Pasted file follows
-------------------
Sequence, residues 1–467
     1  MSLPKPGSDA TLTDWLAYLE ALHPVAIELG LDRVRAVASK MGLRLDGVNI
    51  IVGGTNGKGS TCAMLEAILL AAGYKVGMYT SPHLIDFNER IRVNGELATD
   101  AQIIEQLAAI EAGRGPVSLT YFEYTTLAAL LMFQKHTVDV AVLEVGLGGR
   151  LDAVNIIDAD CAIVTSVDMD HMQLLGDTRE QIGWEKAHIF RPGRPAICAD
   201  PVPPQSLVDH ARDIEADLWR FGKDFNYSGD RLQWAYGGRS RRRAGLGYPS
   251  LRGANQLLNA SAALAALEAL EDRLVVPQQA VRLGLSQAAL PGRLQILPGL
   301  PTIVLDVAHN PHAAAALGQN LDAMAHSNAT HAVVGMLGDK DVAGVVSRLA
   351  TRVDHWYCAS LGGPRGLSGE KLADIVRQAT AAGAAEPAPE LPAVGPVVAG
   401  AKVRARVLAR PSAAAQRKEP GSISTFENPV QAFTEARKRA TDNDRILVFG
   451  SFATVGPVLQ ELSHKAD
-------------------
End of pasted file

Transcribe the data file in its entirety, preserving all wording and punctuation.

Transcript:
Sequence, residues 1–467
     1  MSLPKPGSDA TLTDWLAYLE ALHPVAIELG LDRVRAVASK MGLRLDGVNI
    51  IVGGTNGKGS TCAMLEAILL AAGYKVGMYT SPHLIDFNER IRVNGELATD
   101  AQIIEQLAAI EAGRGPVSLT YFEYTTLAAL LMFQKHTVDV AVLEVGLGGR
   151  LDAVNIIDAD CAIVTSVDMD HMQLLGDTRE QIGWEKAHIF RPGRPAICAD
   201  PVPPQSLVDH ARDIEADLWR FGKDFNYSGD RLQWAYGGRS RRRAGLGYPS
   251  LRGANQLLNA SAALAALEAL EDRLVVPQQA VRLGLSQAAL PGRLQILPGL
   301  PTIVLDVAHN PHAAAALGQN LDAMAHSNAT HAVVGMLGDK DVAGVVSRLA
   351  TRVDHWYCAS LGGPRGLSGE KLADIVRQAT AAGAAEPAPE LPAVGPVVAG
   401  AKVRARVLAR PSAAAQRKEP GSISTFENPV QAFTEARKRA TDNDRILVFG
   451  SFATVGPVLQ ELSHKAD